But What Is Love?

A Homily for the Sixth Sunday of Easter

Texts: 1 John 5:1-6; St. John 15:9-17

Grace to you and peace from God our Heavenly Father and Christ Jesus our Lord, who first loved us. Amen.

What is love?

We talk about it so much. Jesus said the two greatest commandments are to love God and to love our neighbors as ourselves. He told us to love our enemies. On Maundy Thursday, he gave us a new commandment: to love one another, and he said the world will know we are his disciples by our love.

Last week, the First Epistle of John said that God is love.

So. What is love?

What does it mean to love our neighbors and one another, itself a difficult enough task?

Or to love God?

Or, perhaps most difficult of all, to love our enemies?

Does love mean the same thing for the authors of Scripture that it means for our culture today? Consider what we mean when we say we love someone or something – we might mean something along the lines of affection, as for family and friends. Or it might have a physical, romantic component, as with a spouse or partner. But we might also use it to mean we have a preference for a specific food or place.

Without much thought, I might easily say I love hiking, Suzanne, pulled pork, my friends, God, and the German city of Speyer.

Rest assured, I mean something completely different when I say I love my wife than when I say I love barbecue. And certainly, the love that God has for us is greater than my enjoyment for  walks through the woods.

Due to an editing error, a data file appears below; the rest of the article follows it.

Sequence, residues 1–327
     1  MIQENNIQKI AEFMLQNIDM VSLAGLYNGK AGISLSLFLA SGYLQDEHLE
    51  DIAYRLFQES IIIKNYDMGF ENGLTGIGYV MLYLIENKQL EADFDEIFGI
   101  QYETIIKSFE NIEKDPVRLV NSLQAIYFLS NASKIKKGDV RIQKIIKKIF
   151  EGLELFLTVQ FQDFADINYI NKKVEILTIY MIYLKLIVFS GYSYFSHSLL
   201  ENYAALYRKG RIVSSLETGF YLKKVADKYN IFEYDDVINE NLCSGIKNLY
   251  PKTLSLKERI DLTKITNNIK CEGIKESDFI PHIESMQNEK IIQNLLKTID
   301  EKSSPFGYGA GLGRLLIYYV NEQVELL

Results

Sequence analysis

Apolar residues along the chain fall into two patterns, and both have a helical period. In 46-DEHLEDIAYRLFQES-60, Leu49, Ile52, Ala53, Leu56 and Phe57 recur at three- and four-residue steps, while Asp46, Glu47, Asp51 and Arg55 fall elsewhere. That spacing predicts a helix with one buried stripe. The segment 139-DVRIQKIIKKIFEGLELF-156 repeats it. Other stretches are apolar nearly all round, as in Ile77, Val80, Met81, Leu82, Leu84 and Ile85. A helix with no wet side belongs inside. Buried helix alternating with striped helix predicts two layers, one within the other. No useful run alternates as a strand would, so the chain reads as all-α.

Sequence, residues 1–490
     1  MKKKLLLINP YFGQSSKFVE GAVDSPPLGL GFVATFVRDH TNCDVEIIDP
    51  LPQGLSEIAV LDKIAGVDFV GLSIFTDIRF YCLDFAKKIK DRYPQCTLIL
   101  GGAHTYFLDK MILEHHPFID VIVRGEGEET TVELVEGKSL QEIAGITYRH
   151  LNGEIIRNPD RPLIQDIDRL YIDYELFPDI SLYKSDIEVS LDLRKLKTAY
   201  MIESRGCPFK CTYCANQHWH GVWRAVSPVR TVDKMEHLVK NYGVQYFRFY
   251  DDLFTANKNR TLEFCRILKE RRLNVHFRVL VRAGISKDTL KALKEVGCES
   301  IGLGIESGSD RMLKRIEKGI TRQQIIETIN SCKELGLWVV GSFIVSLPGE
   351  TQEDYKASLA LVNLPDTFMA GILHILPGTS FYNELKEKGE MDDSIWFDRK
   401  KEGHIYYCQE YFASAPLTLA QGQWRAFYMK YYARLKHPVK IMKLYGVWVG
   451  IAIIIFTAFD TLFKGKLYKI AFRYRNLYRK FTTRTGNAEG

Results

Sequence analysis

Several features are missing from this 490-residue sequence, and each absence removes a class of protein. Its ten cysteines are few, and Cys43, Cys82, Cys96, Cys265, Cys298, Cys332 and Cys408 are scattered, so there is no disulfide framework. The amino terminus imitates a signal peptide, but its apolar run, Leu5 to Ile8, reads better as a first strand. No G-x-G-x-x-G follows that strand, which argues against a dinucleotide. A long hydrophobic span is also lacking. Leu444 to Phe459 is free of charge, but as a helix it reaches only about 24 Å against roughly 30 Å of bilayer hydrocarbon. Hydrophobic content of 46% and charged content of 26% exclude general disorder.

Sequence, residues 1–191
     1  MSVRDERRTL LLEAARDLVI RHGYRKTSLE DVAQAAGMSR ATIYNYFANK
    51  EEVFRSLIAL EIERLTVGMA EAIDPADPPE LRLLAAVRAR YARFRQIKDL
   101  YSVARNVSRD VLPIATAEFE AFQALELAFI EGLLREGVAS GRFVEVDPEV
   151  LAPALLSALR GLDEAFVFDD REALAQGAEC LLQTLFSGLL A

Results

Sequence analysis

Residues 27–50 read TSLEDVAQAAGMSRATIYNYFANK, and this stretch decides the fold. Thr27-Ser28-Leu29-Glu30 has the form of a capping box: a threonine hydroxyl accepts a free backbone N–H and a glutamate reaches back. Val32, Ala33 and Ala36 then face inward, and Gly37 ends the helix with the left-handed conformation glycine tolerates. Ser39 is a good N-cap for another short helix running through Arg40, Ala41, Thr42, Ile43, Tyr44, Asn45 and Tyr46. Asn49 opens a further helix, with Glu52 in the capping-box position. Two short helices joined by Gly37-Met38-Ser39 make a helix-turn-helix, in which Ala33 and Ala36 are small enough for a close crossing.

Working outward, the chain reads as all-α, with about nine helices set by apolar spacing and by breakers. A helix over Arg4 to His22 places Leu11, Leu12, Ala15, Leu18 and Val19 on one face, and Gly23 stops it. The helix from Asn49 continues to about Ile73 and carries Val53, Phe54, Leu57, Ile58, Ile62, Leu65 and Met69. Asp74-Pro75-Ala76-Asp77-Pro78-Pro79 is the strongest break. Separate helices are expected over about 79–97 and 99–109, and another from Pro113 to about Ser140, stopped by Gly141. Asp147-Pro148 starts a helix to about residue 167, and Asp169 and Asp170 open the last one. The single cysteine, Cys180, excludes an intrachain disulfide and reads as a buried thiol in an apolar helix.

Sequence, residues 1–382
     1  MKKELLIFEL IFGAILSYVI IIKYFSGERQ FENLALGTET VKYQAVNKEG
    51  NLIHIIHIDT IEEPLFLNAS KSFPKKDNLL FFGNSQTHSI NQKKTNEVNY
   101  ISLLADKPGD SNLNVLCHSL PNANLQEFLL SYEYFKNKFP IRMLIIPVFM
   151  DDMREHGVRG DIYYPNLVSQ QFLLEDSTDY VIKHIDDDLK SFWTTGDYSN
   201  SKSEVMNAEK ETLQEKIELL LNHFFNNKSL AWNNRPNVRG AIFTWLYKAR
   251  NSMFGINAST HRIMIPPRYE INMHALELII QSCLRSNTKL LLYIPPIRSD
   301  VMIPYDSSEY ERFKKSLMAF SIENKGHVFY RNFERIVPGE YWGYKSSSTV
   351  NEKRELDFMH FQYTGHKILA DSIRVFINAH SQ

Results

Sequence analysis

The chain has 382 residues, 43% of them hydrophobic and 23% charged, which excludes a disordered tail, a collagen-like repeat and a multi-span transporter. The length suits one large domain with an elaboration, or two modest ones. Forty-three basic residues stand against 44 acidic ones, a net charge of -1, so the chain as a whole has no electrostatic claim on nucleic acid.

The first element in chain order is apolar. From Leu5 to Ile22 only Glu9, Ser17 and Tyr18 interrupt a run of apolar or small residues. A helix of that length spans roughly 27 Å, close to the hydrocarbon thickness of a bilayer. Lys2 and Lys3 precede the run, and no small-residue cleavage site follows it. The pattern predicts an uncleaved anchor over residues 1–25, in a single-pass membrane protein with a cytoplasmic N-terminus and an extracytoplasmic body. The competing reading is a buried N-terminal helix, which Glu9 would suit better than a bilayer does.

This morning, our Gospel reading sheds light on what it means to truly love. Picking up shortly after the new commandment given on Maundy Thursday (the disciples are still gathered around the table at the last supper), Jesus says: “No one has greater love than this, to lay down one’s life for one’s friends.”

We might say, then, that love is – at least in part – a willingness to sacrifice of ourselves for the good of others; that is, to love someone as Christ loves is to lay down part of ourselves for the well-being of neighbor, friend, and yes, even enemy. To lay down our irritability, our resentments, our insistence on getting things our own way, to give of our material possessions for the sake of others.

In her essay “What is Love” for the magazine Earth & Altar, Episcopal priest Becky Zartman compares love to roses – not a dozen long-stem roses given as a gift, because they will eventually wither and end up in the trash. But rather a rosebush, “a living source of beauty and grace all summer long. The thing about rosebushes, though, is that they need to be radically pruned to produce a truly stunning abundant showing of beauty. And we humans must be pruned, too. Love acts as our gardening shears.”

As God’s love for us prunes away our arrogance, our pride, our greed, and all of that which does not bear good fruit – or should I say lovely rose buds – we will, by God’s grace, be better able to act out of love for our neighbor and for each other.

This past year, love has looked like an empty building, wearing a mask, staying at home. Love has looked like laying down some of our social life for the sake of our neighbors. It has looked like foregoing visits with family and friends to keep them safe. It has been difficult, to be sure.

We know that we can lay these things down because Christ first loved us – even to the point of laying down his life.

Did you catch that? It’s a reference back to two Sundays ago, Good Shepherd Sunday. Christ’s life isn’t taken from him but he lays it down willingly. And because he lays it down, he can take it back up. Through the Cross and the Resurrection, we see the sure and certain promise that whatever is pruned away and whatever we lay down is nothing in comparison to the glory promised to us in the new life we take up through Christ.


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